Although I am Muslim, I do not know much about Islam. Albania is religiously diverse, and Muslims make up about 58% of the population, with the remaining identifying as Roman Catholic or Orthodox Christian. Religious observance and practice are generally lax and compared to other countries, few Albanians consider religion to be a dominant factor in their lives. In fact, Albania was declared the world’s first and only atheist state by the former communist dictatorship, which imposed an official ban on any religious observances between 1946 and 1990. 

However, there was a clear need for alternative microfinance products in rural parts of Albania, and the concept of murabaha appealed to many of the farmers in our village. The potential for developing rural agriculture and tourism in Albania was high, especially following heavy government investment in secondary and rural roads. To support this, IsDB invested USD 40 million to construct 108.43 km of secondary and rural roads, giving poor rural populations much-needed access to develop their local economy. 

Following this success, our government requested IsDB support for Agrokredit to provide microloans to poor rural populations. IsDB approved more than USD 5 million comprising an IsDB Loan (USD 4 million), an Islamic Solidarity Fund for Development loan (USD 1 million) and a capacity-building grant (USD 0.3 million) to finance this project. 

"The financing has allowed me to expand my business, so that I can grow and sell more fruit and vegetables at a better price."

However, Agrokredit was a conventional microfinance institution that had no knowledge of Islamic finance. In fact, staff at the company were concerned about meeting IsDB’s requirement for financing to be sharia compliant. This was not just due to a lack of competency in Islamic finance; Agrokredit was concerned that introducing a sharia-compliant product would be viewed negatively among their clients, as many people were still wary of the implications of taking finance based on religious teachings.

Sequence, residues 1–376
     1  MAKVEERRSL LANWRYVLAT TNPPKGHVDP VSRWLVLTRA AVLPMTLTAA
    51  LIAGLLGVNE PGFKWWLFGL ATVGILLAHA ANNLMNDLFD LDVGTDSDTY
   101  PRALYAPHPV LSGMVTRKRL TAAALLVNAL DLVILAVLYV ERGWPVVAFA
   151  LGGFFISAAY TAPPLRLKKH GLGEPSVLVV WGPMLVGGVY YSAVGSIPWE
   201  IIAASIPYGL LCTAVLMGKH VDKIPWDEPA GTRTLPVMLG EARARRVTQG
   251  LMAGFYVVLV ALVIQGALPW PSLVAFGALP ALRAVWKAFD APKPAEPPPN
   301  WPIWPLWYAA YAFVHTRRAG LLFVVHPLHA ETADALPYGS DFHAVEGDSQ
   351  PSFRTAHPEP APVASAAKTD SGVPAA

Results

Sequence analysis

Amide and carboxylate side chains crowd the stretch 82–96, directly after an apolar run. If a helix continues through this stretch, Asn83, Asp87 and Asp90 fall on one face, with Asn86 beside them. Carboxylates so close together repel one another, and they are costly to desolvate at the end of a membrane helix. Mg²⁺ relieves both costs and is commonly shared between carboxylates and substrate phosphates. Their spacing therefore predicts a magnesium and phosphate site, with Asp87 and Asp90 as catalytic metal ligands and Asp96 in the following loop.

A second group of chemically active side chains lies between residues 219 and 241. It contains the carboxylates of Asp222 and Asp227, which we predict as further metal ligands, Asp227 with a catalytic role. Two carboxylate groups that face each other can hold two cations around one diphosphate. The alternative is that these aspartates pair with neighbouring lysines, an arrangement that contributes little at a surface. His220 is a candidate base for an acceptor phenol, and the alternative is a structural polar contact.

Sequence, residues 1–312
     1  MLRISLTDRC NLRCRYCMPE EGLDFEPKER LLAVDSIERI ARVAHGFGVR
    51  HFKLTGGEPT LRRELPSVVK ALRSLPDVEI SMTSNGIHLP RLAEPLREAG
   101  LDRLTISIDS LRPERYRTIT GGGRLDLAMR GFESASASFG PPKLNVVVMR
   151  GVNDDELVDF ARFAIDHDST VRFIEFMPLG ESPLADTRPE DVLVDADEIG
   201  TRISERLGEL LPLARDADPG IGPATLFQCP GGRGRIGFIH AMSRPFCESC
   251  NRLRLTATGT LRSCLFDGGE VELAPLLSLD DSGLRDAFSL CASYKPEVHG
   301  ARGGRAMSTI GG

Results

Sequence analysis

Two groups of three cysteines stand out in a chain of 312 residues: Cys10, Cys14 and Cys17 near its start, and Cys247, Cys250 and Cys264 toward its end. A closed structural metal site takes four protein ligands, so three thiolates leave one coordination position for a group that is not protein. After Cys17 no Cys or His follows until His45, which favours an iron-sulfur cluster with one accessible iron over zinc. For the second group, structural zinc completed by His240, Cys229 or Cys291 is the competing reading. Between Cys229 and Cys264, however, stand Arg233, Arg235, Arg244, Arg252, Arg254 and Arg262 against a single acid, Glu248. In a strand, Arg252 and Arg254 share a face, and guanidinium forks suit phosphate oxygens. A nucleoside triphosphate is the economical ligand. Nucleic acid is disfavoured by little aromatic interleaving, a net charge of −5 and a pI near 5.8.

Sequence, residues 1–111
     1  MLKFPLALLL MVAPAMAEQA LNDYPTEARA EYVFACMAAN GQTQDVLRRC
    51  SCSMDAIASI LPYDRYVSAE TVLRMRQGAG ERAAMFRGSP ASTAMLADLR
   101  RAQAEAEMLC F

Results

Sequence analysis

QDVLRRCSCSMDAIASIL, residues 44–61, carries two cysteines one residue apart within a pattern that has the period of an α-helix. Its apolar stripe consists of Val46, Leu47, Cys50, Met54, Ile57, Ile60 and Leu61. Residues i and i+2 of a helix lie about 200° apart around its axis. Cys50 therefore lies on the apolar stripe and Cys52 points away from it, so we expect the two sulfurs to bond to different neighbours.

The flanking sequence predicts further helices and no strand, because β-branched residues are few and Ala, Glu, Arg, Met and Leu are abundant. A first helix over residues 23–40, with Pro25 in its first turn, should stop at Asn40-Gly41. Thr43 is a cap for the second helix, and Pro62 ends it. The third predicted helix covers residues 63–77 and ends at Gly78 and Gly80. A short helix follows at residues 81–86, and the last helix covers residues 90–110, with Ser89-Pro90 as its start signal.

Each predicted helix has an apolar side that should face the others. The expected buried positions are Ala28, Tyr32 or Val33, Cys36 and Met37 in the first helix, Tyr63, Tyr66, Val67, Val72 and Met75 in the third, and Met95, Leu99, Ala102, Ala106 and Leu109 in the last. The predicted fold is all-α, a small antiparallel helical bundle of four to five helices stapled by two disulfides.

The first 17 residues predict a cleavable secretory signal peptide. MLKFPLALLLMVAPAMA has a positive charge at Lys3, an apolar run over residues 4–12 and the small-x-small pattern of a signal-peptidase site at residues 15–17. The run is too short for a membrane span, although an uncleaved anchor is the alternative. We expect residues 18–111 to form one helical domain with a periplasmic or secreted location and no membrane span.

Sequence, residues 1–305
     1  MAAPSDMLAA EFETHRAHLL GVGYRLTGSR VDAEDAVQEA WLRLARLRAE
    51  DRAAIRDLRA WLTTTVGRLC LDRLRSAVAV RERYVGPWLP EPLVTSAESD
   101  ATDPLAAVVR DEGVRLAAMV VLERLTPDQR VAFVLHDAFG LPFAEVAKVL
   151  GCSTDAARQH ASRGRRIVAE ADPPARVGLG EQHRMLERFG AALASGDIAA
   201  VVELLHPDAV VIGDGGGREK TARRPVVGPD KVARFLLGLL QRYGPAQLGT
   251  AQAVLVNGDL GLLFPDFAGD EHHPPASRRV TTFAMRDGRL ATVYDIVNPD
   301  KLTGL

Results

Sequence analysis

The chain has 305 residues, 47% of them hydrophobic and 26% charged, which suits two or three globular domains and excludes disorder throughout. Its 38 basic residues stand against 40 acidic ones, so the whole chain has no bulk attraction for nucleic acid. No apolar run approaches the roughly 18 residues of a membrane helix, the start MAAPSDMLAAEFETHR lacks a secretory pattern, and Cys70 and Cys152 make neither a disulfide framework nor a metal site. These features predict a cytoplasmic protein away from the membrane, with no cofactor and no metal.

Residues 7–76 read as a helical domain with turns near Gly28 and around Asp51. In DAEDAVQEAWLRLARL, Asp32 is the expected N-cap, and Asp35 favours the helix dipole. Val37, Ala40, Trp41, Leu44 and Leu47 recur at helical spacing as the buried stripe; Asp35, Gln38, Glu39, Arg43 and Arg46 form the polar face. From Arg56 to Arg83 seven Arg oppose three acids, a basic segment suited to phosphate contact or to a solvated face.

As part of its efforts to raise awareness, IsDB conducted a workshop on Islamic microfinance, explaining its benefits to the management staff of Agrokredit, who were a mix of Muslim, Orthodox Christian and Roman Catholic. Although most of the company’s management staff were non-Muslims, they were intrigued by a proposed alternative mode of finance that did not rely on interest and could be beneficial in financing real economic transactions. They were also keen to learn how to implement the best practices of Islamic microfinance, which had been proven to benefit the poor in other rural populations. 

The microfinance project provided access to an affordable and inclusive source of funding for impoverished segments of society, mainly in rural mountainous regions and the poor urban pockets of Albania. Upon learning of its benefits from other farmers who had used the product, I also applied for murabaha. Using my household appliances and furniture as collateral, I was able to obtain financing of up to 500,000 Albanian Leks. I was impressed with how quickly this was processed, and the relatively low costs associated with it. 

The financing has allowed me to expand my business, so that I can grow and sell more fruit and vegetables at a better price. I have also been able to increase my range of products, which has led to an increase in service quality and consequently, an increase in income. Business is doing well, and I can offer my family a better quality of life, as well as spend more valuable time with them. Murabaha financing with the help of IsDB has not only provided a better future for rural Albanians, but prevented a stream of people leaving Elbasan in search of a better life, by enabling them to create one where they are.